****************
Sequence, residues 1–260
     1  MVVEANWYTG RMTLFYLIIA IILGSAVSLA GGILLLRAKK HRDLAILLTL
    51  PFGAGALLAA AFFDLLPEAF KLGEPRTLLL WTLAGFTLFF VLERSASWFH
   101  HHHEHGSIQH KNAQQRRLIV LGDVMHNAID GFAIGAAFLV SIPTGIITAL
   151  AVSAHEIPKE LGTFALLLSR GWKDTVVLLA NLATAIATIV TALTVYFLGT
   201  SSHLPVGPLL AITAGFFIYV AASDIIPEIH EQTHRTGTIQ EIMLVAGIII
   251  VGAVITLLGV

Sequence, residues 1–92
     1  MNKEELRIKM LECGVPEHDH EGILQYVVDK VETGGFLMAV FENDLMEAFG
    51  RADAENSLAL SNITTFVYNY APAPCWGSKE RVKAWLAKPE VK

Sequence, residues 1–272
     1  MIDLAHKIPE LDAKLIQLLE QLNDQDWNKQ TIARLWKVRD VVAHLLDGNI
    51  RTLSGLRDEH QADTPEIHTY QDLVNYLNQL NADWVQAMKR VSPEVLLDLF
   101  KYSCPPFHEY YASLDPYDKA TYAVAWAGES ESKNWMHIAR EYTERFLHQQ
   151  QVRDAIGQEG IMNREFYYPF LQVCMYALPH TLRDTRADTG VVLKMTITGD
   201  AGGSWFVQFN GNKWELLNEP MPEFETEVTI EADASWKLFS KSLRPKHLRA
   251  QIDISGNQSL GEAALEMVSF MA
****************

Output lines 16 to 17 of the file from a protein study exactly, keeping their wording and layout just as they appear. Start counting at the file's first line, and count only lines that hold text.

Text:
   201  AGGSWFVQFN GNKWELLNEP MPEFETEVTI EADASWKLFS KSLRPKHLRA
   251  QIDISGNQSL GEAALEMVSF MA